It definitely happens both ways. In the studio we were talking about before, where we worked for five years, he worked out of there as well. Often, we were only separated by two or three layers of plasterboard. He was always there, and he was always working simultaneously on what we were working on. He’s named a couple of our records. For example, Gumboot Soup is a Jason name, because we were trying to come up with a name that felt like a collection of random songs. He said, “Oh, it’s Gumboot Soup.” I asked, “What the fuck is Gumboot Soup?” He said, “That’s what it is to me.” But he is always there, and it does often go both ways. He tours with us and does a live visual performance. He’s a super inspiring creative human. He’s always got so many ideas, and he puts in so much effort and time into everything he does. He’s such a perfectionist, much more of a perfectionist than I am!

People get so precious about what they’re working on, and the end result is that projects never get finished. You must have a pretty good sense that “perfect” is the enemy of done.

I can fall into that trap as well. There have definitely been records that I’ve been more of a perfectionist with. When I look back on them, I don’t necessarily think they’re better. I believe that 90 percent of the time the first idea is the best idea. That may mean that some of our records are a bit bizarre, or feel like they are the first idea, because often they are. But not all of our records are like that. Some of them have been a lot more considered. It’s definitely a daily struggle. The longer I spend on a project, the more I doubt it and the more I get self-conscious about it, and that’s when I start to lose my conviction. I’m the most daring and the most free with our records early on in the process, and I’d like to try to keep that spirit because it’s a personal battle for me. I know this is probably true of creators in general. We’re always battling our ego, self-doubt, and fear. That’s part of the reason I try to work quickly, because I’m trying to fight that. I’m trying to be ego-free. Giving to the world rather than being fearful of it.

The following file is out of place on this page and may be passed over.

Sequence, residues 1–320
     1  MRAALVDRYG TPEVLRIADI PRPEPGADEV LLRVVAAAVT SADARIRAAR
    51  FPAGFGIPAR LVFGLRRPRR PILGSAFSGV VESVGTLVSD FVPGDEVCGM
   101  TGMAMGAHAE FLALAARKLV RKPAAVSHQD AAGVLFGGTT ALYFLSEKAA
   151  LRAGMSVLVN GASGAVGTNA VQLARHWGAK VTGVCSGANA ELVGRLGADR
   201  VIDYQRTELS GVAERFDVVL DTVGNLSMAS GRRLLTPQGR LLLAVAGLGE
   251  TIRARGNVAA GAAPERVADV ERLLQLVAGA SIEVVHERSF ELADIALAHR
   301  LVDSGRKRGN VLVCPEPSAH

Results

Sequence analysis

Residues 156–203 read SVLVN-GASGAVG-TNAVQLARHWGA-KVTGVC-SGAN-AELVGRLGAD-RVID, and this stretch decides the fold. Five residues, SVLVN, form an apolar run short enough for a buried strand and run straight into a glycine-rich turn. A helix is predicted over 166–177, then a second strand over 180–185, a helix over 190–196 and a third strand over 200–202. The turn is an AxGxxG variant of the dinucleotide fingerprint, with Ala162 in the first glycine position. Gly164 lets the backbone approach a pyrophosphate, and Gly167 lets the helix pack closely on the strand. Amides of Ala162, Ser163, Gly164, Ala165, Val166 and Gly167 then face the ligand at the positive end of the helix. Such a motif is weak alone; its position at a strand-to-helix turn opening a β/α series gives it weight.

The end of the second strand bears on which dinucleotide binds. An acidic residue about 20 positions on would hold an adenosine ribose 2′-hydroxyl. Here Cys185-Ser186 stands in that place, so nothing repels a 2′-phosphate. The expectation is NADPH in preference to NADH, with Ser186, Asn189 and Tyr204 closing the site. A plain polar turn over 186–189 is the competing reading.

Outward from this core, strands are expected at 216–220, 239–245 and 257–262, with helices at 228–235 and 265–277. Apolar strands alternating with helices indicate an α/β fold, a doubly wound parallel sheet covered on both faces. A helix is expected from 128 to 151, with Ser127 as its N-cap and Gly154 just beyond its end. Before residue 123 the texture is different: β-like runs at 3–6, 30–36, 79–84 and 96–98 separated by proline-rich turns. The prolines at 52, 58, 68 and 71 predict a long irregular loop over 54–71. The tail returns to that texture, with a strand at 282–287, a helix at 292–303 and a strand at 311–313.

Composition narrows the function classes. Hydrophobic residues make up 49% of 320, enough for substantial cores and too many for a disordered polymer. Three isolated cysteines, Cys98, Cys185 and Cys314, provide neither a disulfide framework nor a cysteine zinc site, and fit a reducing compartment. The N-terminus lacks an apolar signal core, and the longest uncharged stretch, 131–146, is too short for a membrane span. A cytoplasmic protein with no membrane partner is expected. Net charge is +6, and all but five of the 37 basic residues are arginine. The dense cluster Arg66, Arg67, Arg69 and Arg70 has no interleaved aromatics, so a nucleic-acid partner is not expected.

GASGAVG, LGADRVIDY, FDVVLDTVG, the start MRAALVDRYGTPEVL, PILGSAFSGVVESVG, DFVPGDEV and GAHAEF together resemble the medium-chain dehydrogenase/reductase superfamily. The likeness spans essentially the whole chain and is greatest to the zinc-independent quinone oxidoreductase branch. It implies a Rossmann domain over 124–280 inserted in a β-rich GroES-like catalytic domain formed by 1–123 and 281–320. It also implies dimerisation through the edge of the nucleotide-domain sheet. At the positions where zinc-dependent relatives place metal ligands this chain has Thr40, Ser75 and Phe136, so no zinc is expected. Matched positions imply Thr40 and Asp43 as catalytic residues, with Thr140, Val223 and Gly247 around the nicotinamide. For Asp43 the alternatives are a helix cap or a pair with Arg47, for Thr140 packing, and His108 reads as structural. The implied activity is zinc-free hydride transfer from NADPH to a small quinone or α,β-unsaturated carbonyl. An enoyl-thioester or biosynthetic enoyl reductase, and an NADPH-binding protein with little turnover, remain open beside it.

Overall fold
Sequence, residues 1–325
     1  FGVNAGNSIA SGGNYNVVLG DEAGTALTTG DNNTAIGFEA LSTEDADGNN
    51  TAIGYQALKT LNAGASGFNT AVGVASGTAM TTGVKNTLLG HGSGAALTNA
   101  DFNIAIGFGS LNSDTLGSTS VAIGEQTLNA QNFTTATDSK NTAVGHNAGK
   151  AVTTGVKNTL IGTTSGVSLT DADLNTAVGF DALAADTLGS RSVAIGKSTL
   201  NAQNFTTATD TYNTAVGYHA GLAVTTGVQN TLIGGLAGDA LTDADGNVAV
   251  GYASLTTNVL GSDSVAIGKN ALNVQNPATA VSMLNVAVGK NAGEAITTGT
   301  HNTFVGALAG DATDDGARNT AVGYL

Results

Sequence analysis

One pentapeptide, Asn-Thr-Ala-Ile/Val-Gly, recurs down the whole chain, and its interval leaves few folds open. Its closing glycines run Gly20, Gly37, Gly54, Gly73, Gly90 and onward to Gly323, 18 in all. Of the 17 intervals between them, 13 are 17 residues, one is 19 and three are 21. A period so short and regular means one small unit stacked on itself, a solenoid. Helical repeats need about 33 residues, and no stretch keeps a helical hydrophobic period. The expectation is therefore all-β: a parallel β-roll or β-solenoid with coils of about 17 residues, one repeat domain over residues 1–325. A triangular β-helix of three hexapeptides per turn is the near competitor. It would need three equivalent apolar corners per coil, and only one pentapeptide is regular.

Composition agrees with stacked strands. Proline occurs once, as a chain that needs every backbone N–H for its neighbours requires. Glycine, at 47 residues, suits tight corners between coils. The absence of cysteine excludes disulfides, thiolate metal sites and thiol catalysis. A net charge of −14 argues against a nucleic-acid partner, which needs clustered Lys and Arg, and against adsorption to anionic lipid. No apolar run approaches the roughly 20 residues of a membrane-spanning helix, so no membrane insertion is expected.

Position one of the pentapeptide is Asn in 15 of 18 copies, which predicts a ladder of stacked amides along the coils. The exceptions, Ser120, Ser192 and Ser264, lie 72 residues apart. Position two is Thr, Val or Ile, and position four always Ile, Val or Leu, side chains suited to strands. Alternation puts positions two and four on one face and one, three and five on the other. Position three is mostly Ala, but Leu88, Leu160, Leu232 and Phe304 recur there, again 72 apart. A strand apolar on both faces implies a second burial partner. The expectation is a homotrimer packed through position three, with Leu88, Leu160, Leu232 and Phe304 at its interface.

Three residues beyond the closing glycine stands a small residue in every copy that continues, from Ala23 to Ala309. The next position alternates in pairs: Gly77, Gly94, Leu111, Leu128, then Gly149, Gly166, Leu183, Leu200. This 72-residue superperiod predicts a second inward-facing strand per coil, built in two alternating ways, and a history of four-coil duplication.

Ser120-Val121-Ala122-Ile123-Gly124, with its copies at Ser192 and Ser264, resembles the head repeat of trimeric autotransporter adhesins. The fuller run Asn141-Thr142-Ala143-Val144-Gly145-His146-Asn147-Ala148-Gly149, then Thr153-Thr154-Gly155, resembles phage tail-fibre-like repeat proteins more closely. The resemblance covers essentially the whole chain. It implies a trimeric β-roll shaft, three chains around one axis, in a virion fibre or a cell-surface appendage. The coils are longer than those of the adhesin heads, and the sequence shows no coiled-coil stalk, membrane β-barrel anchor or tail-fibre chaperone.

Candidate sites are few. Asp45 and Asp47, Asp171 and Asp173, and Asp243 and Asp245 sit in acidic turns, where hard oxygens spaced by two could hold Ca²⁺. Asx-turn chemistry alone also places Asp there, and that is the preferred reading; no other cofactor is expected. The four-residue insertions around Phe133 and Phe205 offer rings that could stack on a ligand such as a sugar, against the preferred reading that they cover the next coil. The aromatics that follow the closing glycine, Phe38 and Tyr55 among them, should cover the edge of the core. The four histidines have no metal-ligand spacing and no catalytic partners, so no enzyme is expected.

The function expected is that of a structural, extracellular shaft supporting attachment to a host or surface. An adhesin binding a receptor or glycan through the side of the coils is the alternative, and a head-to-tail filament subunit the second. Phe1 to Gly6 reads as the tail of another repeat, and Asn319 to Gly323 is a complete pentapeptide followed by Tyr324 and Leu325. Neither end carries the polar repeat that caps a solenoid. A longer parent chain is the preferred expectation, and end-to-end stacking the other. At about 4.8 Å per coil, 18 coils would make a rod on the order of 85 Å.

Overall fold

Stu Mackenzie of King Gizzard & the Lizard Wizard

It’s always hard when making your own music not to get in your head. It is less common to be free with output. Let it be what it is and let it lie where it lies.

I certainly don’t feel like that all the time. That’s the pinnacle. That’s the mental place I’m trying to go to as much as I can; that feeling of actual freedom and confidence. But easier said than done to be in that headspace. I love releasing a record, because it means it’s done. It means I can stop whining about it and it belongs to everyone else. People make up their own opinions on it and their own stories with it. They have different connections to it, which are different than mine. I like that because it helps me move on mentally and move to the next thing. It’s also part of the reason I release a lot of music. It feels good!

Tape Op is a bi-monthly magazine devoted to the art of record making.